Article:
Help is available in the form of team coach, Heath Streak, who was Taibu’s captain on his Test debut, and ex-South Africa Test stars Lance Klusener and Makhaya Ntini.
“I’ve managed to sit down with several former players,” said Taibu who concedes there are many remaining issues when it comes to the relationship between the Zimbabwe board and its charges.
“We want to look in from outside and see where we are going and once we get a feel for it they will jump on the bandwagon straight away.”
Crucial to Taibu’s plans is his academy, which he hopes will help to re-establish Zimbabwe internationally by giving youngsters the chance to develop both personally and professionally outside their homeland.
There will be coaching and mentoring sessions, with matches against county academy or development squads. With games in midweek, selected players will also have the chance to turn out for local club sides at weekends.
“Now that Zimbabwe is making its way back in world cricket, we must strive to improve our performances at all levels and the next generation of talent is a crucial part of this,” he said.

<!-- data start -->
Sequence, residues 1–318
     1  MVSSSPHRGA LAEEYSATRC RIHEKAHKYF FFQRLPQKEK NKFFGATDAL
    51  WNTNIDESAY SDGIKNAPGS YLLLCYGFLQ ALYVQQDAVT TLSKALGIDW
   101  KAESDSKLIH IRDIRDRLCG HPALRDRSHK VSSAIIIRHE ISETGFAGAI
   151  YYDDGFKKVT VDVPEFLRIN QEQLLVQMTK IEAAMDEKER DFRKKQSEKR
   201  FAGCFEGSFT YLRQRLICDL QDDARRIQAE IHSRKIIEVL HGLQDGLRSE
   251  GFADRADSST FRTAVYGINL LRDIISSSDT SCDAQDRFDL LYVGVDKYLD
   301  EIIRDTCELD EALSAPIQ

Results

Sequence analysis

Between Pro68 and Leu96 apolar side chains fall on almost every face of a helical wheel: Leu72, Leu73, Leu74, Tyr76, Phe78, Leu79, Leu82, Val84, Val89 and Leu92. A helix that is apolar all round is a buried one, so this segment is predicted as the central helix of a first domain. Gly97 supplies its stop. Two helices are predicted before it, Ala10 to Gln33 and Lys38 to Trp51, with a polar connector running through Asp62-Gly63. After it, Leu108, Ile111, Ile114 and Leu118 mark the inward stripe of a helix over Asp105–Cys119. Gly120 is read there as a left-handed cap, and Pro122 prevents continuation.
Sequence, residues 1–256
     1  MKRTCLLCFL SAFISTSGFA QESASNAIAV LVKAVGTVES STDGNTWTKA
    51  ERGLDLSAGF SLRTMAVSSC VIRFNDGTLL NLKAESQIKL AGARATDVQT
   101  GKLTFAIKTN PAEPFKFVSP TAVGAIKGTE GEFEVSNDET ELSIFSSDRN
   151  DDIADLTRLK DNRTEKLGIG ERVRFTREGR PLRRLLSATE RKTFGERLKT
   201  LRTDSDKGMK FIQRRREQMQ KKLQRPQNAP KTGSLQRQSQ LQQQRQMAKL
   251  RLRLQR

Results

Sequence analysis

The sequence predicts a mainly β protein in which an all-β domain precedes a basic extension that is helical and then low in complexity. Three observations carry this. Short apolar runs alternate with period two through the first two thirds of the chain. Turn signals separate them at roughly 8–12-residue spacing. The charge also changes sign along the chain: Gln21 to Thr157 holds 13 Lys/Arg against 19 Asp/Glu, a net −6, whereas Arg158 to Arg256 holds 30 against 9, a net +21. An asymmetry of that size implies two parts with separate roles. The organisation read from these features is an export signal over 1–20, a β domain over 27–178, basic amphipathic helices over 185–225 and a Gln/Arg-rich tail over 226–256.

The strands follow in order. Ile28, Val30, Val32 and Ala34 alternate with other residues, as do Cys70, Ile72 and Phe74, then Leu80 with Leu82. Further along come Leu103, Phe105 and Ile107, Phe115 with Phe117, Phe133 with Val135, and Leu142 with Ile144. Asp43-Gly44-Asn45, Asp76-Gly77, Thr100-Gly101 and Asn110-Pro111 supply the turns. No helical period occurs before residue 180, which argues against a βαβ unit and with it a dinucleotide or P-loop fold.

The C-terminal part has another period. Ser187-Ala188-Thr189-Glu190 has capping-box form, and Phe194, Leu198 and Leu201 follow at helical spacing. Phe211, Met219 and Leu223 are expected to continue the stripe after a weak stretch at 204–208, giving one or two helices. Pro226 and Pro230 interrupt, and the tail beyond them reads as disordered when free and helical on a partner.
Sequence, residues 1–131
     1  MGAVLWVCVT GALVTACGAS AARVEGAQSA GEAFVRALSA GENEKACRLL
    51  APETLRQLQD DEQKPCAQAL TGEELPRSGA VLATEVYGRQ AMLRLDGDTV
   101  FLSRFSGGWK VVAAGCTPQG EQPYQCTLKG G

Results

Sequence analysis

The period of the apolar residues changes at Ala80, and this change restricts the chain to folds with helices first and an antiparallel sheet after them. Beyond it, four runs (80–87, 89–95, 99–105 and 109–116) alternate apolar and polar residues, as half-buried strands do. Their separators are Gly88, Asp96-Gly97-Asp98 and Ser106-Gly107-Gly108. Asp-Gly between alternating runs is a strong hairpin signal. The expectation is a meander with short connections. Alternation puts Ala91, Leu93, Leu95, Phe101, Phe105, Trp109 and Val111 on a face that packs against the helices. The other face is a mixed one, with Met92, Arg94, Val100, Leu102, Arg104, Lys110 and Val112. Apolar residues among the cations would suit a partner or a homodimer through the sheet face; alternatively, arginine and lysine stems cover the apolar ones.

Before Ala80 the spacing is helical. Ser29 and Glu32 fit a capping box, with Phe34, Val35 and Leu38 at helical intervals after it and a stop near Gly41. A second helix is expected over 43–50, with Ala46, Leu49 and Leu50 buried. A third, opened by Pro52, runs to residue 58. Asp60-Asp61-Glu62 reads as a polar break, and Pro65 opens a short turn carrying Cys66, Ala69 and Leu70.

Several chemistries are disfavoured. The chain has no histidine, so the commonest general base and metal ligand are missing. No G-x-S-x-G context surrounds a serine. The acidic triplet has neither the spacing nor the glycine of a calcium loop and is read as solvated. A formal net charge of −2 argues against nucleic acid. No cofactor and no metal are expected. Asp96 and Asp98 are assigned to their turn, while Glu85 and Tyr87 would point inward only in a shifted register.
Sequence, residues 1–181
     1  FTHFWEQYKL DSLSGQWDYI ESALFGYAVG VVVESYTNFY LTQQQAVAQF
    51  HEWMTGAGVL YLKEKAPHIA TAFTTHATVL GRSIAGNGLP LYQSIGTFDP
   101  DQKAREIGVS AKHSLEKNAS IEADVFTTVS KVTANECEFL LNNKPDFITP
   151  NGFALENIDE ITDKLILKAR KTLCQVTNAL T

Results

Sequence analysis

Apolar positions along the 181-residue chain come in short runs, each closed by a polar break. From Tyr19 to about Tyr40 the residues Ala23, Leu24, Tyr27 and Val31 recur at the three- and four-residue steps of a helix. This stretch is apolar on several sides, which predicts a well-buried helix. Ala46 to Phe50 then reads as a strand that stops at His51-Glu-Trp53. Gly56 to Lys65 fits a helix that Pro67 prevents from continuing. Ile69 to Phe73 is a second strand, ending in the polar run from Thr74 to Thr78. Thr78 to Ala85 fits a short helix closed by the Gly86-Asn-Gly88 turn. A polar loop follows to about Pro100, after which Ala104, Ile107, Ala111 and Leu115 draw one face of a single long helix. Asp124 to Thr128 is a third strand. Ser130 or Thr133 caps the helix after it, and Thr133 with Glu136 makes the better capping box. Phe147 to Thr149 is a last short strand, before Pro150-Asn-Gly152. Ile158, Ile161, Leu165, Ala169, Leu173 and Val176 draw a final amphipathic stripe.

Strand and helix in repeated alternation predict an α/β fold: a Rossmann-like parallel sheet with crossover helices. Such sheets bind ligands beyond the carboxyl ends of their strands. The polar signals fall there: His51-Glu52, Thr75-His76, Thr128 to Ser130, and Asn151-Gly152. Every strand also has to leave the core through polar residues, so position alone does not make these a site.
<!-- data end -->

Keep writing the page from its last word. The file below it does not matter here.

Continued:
“Some will be experiencing overseas conditions for the first time and it will be a valuable education for them. If these guys can thrive in English conditions, it will be a huge boost to their confidence and career and, who knows, maybe turn them into stars of the future.”
The academy is being run in partnership with Crosby-based Flash Sports, which will be providing administration and logistical support as well as helping players to link up with club sides across the North-West.
As for his promise to carry out the Lord’s work following his retirement from playing, Taibu is keen to clear a few things up: “People don’t understand when you leave behind a lot of money.
“They assumed I was going to be a pastor or something like that but that was never the case. All I wanted was to have a closer relationship with God and have peace in my heart.
“When I go in a certain direction I go all out and when I was trying to find peace in my soul and make my way in my sporting career, I found a lot of contradictions.
“I was trying to go one way and being pulled in another so I decided that one had to go and I decided that was cricket. To me, Christianity is just my everyday life – you don’t take a break and it is an ongoing thing.”
The one thing the overworked Taibu doesn’t seem ready to commit to is an international comeback as he readies himself for Hightown St Mary’s new season playing in Division One of the Liverpool Competition.
“It is very competitive and most games are very closely contested,” he added in a fervent defence of league cricket.
“I’m really looking forward to the new challenge and it will be tougher this season but the guys I worked with last year are beginning to understand a bit more about their game.
“But as for playing for Zimbabwe, I think that is a door that is going to remain shut.
“I want to keep my eyes on the doors that are opening.”
This piece originally featured in The Cricket Paper, February 3 2017